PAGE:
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Narrow network plans – saving, yes, but it’s also troubling

Currently, insurers are offering more narrow network plans, which have annual premium lower than broader networks. A very narrow network covers care by less than 10% of the physicians while a normal to broad networks cover up to 60% of physicians. Records of people who switched to narrow network plans with Massachusetts Group Insurance Commission in 2012 suggested that the main savings were probably achieved by more efficient use of the health system, especially for enrollees who retained their primary care physicians. The distance travelled for primary care visits fell drastically, accounting for much of the 36% saving in patients’ healthcare expense. However, the results of a recent study by Simon Haeder, a west Virginia University political scientist and colleagues at the University of Wisconsin-Madison and the University of California, showed that the savings in healthcare were actually because the narrow network plans make it harder for patients to get care. Using a “secret shopper” approach, the researchers found that only about 30% of the attempts for appointments with specific primary care doctors were successful. The reasons for this very low success rate include doctors not accepting the plans or new patients, extremely busy phone numbers, long waiting time for physical exam, wrong phone numbers listed in the directory, and doctors called not being primary care physicians.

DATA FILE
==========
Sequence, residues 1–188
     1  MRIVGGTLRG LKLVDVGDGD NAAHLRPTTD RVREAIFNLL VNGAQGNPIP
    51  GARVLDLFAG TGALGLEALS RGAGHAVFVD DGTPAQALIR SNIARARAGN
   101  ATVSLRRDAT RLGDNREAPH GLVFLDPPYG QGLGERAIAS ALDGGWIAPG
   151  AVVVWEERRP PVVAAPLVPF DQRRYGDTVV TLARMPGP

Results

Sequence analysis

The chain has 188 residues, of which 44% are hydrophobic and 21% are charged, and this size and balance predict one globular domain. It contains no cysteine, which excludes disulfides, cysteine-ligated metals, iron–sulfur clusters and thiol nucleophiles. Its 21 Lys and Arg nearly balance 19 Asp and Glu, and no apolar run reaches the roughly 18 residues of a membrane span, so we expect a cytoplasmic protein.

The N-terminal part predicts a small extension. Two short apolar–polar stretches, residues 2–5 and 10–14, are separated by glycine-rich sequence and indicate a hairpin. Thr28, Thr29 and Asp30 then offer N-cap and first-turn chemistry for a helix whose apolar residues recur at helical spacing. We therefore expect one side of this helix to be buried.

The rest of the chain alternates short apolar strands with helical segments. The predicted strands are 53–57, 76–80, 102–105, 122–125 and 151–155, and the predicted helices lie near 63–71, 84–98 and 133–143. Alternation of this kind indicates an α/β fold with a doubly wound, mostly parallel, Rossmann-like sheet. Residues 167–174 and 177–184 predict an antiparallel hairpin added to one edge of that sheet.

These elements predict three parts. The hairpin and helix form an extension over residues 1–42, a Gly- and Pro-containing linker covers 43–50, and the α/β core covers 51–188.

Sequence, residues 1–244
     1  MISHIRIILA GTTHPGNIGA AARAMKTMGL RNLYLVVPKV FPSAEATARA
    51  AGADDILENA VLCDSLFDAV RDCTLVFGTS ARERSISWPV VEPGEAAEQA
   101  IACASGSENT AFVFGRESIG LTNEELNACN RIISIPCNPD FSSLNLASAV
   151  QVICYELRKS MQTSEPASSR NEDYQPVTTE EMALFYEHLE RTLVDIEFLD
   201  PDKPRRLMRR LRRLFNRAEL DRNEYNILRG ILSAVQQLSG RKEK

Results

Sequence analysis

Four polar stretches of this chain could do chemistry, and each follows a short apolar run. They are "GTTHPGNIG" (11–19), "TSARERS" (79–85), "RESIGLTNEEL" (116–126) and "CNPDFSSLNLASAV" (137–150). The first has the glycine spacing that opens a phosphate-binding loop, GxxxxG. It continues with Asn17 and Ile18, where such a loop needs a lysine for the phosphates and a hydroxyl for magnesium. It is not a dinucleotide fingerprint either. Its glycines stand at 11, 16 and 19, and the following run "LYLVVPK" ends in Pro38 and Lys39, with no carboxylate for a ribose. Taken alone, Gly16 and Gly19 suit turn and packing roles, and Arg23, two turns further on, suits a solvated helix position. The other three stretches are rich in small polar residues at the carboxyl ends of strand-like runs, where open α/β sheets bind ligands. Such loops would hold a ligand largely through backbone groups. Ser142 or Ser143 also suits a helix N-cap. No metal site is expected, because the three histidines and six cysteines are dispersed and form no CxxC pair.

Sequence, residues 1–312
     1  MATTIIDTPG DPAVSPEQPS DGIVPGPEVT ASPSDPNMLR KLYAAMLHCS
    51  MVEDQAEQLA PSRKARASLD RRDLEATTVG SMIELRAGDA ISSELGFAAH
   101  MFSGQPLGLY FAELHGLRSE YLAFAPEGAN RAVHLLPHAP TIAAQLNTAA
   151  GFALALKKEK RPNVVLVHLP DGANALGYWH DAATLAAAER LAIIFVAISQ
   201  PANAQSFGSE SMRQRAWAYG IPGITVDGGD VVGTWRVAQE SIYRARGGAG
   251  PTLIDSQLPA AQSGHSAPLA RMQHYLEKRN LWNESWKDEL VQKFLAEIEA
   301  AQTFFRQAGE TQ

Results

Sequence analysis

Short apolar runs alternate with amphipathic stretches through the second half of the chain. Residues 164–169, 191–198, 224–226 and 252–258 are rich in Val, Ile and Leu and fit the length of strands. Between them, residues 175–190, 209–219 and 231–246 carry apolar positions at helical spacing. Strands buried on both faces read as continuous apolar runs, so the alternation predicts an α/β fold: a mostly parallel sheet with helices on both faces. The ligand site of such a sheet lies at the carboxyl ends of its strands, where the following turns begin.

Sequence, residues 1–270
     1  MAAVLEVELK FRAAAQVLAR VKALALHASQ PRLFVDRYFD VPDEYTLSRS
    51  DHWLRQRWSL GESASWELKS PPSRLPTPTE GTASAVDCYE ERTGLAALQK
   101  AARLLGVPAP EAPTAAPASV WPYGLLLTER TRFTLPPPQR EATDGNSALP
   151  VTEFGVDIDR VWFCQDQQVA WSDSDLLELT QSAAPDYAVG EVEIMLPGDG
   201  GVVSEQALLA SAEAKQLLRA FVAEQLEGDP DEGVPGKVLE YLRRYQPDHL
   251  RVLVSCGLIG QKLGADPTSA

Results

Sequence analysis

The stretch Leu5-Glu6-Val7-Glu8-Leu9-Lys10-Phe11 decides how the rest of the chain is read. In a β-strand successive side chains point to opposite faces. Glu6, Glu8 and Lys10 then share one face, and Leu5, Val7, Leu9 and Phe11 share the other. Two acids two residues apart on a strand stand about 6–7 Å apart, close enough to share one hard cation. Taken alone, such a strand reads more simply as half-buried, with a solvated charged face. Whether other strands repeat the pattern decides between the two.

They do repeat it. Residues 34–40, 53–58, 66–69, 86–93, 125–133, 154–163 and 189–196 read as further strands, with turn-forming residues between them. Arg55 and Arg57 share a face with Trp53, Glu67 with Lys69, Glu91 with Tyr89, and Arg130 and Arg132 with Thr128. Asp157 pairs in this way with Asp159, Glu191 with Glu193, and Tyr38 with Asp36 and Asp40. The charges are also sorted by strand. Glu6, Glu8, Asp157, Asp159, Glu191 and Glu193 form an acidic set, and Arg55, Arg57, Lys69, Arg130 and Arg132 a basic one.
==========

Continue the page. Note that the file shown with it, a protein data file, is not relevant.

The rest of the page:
The narrow network plan relates to our discussion of power in a network. As someone switches to the narrow network plans, they have less options of physicians to connect. Therefore, narrow network plan enrollee has less “power” in hand. Meanwhile the primary care physicians retained by those who switch to the new narrow network plans will have more power relative to their patients. These doctors can be extremely busy, and thus can choose to have appointments with narrow network plan patients or not, or may leave them with more waiting time to first serve patients with better insurance plan, those who have more options or more “buying power”. The result is that patients with narrow network plan will have a harder time to get the healthcare they deserve. While the savings in premium is surely attractive, narrow network plans may actually do more harm than good for enrollees who need specific primary care.



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